[On a side note: people throwing beers at the band and on stage -- why? A supposed mark of affection, but as a touring band, a flying unexpected projectile may as well be a missile or bomb. Don't throw stuff at the band. It's not funny. Plus you're wasting the $9 you spent on a mid-strength tasteless beer after lining up for 20 minutes. Nobody wins. Don't do it.]
Sydney rock was back on the menu with rock'n'rollers Royal Headache. Two songs in, in the baking heat, frontman Shogun tells the crowd "I need a body double. That was 45 minutes right?" The acclaimed four-piece, blending rock and punk and soul and blues, packed out the courtyard Mistletone stage with a crowd of interested onlookers taking in their unique blend. The opening, blaring guitar lines of standout recent single 'Carolina' signalled the start of the set proper, Shogun shedding the shirt and bellowing into the microphone as Australiana rhythms rang out through the yard. In terms of appearance, Royal Headache were one of the least stylish acts of the day; but on musical terms, they blew most others out of the water.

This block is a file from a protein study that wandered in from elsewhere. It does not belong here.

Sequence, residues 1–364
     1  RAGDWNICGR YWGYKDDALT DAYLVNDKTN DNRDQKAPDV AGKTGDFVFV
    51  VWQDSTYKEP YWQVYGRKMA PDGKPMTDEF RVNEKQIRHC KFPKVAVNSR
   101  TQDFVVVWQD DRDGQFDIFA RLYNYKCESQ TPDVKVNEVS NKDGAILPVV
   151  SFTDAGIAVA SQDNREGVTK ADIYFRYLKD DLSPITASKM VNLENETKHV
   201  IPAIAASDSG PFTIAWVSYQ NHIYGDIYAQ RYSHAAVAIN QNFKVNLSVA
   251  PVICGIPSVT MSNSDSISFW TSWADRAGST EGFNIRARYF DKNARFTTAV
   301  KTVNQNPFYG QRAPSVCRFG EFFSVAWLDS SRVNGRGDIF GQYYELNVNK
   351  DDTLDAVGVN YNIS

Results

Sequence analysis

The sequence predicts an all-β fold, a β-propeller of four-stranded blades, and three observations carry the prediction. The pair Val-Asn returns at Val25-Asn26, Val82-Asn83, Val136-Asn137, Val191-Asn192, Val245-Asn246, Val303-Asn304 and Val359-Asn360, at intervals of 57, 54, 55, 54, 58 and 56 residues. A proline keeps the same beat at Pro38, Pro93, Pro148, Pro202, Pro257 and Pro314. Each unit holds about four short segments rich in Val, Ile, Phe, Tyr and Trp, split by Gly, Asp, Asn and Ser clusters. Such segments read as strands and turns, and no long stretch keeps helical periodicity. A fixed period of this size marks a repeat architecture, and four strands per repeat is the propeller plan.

A few keyboards, a bass guitar and drum set was all needed for r'n'b-styled Odd Future offshoot The Internet to turn a crowd of rock and indie lovers into a funkified pit. Smooth jazz rhythms fused with hip-hop sensibilities was a potent combination for the LA outfit, former Odd Future DJ Syd commanding the crowd as hype-woman and frontwoman combined. Interesting and varied, but after a while became very same-y; standard background jazz muzak like in a smoky club or elevator music. A welcome point of difference on the lineup but a little derivative.
The Smith Street Band came out to a full crowd and a hero's welcome. Decked in a Kendrick Lamar shirt, frontman Wil Wagner poured his heart out in front of several thousand fans in the form of Smith Street's broken hearted, heart on sleeve lyrics. More suited to late night drunken whispered confessions, Wagner's punk-poet lyrics of love, loss and heartbreak have become anthems for daylight festival sets as of late; cathartic and shouty, full of heartbreak confessionals followed by "screw you, I love life" declarations, it's an emotional ride, led by Ringmaster Wagner, giving his sermons as personal tales. The sort of stories whispered late at night or poured out after a few drinks, become raucous festival anthems. Guys crowdsurf and yell; girls jump on shoulders and shout back; and the band themselves still look like they can't believe their luck that they've gotten as far as they have. One of the most eye-opening and honest acts going around in Australia today.